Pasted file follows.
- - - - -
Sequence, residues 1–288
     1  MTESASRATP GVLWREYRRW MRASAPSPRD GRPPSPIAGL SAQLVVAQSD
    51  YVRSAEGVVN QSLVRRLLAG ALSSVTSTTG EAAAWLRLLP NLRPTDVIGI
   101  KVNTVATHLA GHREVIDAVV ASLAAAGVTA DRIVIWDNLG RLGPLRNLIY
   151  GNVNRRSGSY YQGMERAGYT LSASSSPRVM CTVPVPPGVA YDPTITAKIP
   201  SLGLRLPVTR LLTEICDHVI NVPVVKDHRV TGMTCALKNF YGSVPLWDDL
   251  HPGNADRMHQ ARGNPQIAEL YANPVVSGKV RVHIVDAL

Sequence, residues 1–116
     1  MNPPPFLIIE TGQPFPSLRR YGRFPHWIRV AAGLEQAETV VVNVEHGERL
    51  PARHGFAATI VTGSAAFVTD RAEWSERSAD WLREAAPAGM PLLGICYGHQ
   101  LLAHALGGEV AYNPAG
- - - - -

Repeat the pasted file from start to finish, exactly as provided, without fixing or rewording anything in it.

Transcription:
Sequence, residues 1–288
     1  MTESASRATP GVLWREYRRW MRASAPSPRD GRPPSPIAGL SAQLVVAQSD
    51  YVRSAEGVVN QSLVRRLLAG ALSSVTSTTG EAAAWLRLLP NLRPTDVIGI
   101  KVNTVATHLA GHREVIDAVV ASLAAAGVTA DRIVIWDNLG RLGPLRNLIY
   151  GNVNRRSGSY YQGMERAGYT LSASSSPRVM CTVPVPPGVA YDPTITAKIP
   201  SLGLRLPVTR LLTEICDHVI NVPVVKDHRV TGMTCALKNF YGSVPLWDDL
   251  HPGNADRMHQ ARGNPQIAEL YANPVVSGKV RVHIVDAL

Sequence, residues 1–116
     1  MNPPPFLIIE TGQPFPSLRR YGRFPHWIRV AAGLEQAETV VVNVEHGERL
    51  PARHGFAATI VTGSAAFVTD RAEWSERSAD WLREAAPAGM PLLGICYGHQ
   101  LLAHALGGEV AYNPAG